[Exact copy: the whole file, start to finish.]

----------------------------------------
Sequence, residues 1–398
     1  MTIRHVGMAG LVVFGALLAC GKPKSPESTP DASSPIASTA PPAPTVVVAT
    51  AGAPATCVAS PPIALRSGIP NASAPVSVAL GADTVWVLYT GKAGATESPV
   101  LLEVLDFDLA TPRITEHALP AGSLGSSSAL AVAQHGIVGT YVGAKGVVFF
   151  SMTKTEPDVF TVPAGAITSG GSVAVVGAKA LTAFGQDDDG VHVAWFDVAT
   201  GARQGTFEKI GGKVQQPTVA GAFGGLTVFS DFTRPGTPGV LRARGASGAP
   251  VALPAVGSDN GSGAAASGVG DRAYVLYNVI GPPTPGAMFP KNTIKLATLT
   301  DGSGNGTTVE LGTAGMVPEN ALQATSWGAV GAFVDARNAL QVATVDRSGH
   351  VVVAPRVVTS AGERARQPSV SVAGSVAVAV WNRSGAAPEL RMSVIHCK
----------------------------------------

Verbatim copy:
Sequence, residues 1–398
     1  MTIRHVGMAG LVVFGALLAC GKPKSPESTP DASSPIASTA PPAPTVVVAT
    51  AGAPATCVAS PPIALRSGIP NASAPVSVAL GADTVWVLYT GKAGATESPV
   101  LLEVLDFDLA TPRITEHALP AGSLGSSSAL AVAQHGIVGT YVGAKGVVFF
   151  SMTKTEPDVF TVPAGAITSG GSVAVVGAKA LTAFGQDDDG VHVAWFDVAT
   201  GARQGTFEKI GGKVQQPTVA GAFGGLTVFS DFTRPGTPGV LRARGASGAP
   251  VALPAVGSDN GSGAAASGVG DRAYVLYNVI GPPTPGAMFP KNTIKLATLT
   301  DGSGNGTTVE LGTAGMVPEN ALQATSWGAV GAFVDARNAL QVATVDRSGH
   351  VVVAPRVVTS AGERARQPSV SVAGSVAVAV WNRSGAAPEL RMSVIHCK